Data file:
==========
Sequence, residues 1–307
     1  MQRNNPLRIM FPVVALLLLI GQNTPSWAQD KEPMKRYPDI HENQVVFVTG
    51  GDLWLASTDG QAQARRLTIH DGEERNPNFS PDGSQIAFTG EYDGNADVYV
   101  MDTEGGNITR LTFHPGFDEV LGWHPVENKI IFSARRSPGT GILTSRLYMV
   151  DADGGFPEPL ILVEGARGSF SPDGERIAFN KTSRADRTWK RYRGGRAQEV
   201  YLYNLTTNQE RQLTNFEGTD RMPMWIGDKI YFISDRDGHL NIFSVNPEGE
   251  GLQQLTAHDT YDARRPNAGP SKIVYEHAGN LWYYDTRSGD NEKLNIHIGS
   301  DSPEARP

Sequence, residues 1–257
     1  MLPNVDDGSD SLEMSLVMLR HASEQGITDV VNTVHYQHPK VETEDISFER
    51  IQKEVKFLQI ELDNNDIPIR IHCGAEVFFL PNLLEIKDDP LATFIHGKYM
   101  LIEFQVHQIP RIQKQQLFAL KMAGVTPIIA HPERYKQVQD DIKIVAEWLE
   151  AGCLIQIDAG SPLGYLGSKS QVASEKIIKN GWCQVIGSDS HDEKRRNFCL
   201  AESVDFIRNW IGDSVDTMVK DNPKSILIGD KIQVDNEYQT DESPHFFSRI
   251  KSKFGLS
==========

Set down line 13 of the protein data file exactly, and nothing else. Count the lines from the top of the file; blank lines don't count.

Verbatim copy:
   151  AGCLIQIDAG SPLGYLGSKS QVASEKIIKN GWCQVIGSDS HDEKRRNFCL